The International Monetary Fund (IMF) has approved a one-billion-US dollar loan to finance Uganda's response to the Covid-19 crisis over the next three years.
The international financing institution in a statement posted on its website late on Monday said the pandemic has caused economic and social strife in the East African country leading to a reversal of anti-poverty gains, deterioration of fiscal balances, and put pressure on external buffers.
The institution said the approval enables the immediate disbursement of about $258 million to start on the response and help sustain a post-crisis inclusive recovery.
"Reforms will focus on creating fiscal space for priority social spending, preserving debt sustainability, strengthening governance, and enhancing the monetary and financial sector framework," the statement said.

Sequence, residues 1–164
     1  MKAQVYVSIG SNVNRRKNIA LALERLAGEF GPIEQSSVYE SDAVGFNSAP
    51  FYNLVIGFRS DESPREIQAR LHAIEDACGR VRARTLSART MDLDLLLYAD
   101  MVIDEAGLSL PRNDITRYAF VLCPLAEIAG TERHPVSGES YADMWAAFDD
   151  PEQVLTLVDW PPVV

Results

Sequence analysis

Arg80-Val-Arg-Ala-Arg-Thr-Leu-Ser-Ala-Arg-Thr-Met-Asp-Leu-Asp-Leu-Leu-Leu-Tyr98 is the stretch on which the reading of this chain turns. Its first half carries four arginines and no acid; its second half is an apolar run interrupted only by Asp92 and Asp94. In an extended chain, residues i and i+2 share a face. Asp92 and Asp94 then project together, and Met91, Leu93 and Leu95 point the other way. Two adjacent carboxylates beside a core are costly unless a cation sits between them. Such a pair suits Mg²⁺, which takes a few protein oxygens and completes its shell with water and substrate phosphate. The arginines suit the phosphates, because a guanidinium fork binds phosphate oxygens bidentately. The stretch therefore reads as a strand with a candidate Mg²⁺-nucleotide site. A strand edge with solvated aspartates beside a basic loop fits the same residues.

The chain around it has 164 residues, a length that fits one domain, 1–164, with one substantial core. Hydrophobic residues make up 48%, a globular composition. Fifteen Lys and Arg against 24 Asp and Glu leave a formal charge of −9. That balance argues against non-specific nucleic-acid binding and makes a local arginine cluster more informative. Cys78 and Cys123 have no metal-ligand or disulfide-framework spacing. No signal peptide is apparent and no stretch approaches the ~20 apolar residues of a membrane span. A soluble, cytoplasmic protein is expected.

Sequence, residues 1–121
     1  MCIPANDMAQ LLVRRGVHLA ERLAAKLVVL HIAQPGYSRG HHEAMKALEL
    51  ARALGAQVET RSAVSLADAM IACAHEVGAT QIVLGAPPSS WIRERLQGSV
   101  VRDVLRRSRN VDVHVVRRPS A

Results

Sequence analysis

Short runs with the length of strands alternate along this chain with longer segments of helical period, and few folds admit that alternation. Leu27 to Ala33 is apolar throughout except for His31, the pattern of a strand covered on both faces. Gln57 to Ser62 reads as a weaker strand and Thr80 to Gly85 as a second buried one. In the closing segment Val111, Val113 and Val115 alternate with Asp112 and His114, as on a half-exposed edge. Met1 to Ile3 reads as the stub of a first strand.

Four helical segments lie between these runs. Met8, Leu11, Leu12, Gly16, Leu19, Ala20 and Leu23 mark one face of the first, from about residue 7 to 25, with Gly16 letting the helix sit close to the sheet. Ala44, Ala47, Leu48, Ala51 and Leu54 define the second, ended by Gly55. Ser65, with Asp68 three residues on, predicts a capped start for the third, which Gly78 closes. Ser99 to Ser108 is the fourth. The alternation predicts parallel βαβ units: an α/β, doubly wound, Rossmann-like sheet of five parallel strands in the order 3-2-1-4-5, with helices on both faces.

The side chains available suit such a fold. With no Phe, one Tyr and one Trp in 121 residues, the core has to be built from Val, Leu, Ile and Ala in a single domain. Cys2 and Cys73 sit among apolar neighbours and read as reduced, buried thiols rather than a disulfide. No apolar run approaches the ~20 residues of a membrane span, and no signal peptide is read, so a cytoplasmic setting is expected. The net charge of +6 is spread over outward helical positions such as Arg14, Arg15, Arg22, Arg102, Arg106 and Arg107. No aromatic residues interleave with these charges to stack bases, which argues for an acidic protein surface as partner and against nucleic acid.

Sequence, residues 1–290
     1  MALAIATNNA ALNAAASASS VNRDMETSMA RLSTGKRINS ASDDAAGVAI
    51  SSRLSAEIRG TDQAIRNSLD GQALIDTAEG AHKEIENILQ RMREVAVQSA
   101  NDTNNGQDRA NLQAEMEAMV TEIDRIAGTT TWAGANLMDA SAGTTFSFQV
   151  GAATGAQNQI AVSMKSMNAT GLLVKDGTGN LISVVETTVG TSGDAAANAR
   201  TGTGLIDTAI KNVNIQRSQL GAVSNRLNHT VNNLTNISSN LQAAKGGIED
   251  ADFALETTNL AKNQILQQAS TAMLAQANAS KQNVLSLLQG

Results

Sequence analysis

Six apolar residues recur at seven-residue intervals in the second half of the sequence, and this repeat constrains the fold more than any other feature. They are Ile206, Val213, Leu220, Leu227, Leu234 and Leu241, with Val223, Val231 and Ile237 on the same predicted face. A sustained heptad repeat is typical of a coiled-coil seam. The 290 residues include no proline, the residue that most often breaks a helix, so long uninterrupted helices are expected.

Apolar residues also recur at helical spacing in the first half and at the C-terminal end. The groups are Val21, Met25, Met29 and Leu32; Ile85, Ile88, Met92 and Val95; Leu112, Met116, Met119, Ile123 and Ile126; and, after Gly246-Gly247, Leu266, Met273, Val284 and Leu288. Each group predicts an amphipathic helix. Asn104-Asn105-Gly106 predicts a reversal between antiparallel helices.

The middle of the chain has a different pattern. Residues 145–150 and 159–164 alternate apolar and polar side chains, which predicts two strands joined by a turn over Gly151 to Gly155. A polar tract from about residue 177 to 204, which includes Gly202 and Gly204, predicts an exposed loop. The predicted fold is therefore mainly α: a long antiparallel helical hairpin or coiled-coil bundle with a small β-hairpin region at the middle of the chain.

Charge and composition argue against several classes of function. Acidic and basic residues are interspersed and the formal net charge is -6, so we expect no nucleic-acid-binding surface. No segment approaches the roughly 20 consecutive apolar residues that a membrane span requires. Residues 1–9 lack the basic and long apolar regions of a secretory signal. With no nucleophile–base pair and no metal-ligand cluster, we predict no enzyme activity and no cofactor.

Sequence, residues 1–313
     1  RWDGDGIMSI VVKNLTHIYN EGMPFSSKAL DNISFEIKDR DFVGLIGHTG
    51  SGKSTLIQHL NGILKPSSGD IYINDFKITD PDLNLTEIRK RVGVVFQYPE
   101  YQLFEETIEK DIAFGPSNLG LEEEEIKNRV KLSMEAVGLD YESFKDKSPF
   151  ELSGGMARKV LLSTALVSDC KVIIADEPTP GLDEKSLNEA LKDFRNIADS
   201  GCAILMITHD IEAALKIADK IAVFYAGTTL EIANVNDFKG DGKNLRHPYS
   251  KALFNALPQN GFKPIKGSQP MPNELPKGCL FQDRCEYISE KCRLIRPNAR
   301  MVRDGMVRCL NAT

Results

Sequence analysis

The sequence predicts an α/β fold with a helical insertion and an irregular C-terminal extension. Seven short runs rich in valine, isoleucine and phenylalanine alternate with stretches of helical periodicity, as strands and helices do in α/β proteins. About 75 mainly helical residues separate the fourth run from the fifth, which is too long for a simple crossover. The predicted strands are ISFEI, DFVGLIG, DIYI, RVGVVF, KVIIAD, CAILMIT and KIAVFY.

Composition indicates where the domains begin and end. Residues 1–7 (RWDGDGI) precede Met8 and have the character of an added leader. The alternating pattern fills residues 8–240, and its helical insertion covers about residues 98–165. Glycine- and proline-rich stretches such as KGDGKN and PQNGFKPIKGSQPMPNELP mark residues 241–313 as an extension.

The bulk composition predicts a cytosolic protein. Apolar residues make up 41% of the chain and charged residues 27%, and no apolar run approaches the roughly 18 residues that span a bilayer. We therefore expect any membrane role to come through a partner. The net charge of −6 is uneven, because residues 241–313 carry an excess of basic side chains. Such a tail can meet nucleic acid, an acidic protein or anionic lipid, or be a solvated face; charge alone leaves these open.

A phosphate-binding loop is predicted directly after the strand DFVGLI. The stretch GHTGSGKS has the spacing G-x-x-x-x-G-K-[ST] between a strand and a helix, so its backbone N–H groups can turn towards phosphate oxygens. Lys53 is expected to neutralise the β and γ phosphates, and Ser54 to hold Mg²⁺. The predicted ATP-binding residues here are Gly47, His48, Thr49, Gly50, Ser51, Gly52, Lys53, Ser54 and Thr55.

IMF said some sectors of the economy are experiencing mild recovery, with economic growth in the financial year 2021/22, which starts on July 1, expected to reach 4.3 percent before returning to pre-pandemic rates of 6-7 percent in the medium term.
"The outlook remains highly uncertain, with risks tilted to the downside, including from a resurgence of tighter containment measures linked to higher Covid-19 positivity rates," the statement said.
The country is currently under a partial lockdown that was instituted to contain the rapid spread of the pandemic. Economic experts warn that stringent containment measures are likely to negatively impact economic recovery efforts.
The new IMF financing comes over a year after the institution through an emergency fund loaned Uganda 491.5 million dollars to help contain the effects of the pandemic.